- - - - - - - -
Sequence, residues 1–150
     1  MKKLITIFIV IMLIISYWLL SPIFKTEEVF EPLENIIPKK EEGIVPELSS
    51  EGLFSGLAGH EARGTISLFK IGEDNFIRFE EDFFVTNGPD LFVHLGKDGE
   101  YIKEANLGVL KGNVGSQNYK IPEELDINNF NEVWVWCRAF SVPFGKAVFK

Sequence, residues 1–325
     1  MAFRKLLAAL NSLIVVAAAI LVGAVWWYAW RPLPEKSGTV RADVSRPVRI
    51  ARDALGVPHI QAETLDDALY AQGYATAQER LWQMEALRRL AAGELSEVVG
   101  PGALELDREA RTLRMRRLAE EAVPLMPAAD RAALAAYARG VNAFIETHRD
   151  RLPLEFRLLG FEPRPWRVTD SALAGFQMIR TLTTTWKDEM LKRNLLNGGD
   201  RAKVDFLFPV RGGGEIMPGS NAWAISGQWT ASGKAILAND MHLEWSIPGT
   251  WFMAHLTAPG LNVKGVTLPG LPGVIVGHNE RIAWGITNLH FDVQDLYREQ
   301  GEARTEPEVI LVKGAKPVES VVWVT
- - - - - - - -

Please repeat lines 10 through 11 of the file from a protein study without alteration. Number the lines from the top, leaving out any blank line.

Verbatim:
   201  RAKVDFLFPV RGGGEIMPGS NAWAISGQWT ASGKAILAND MHLEWSIPGT
   251  WFMAHLTAPG LNVKGVTLPG LPGVIVGHNE RIAWGITNLH FDVQDLYREQ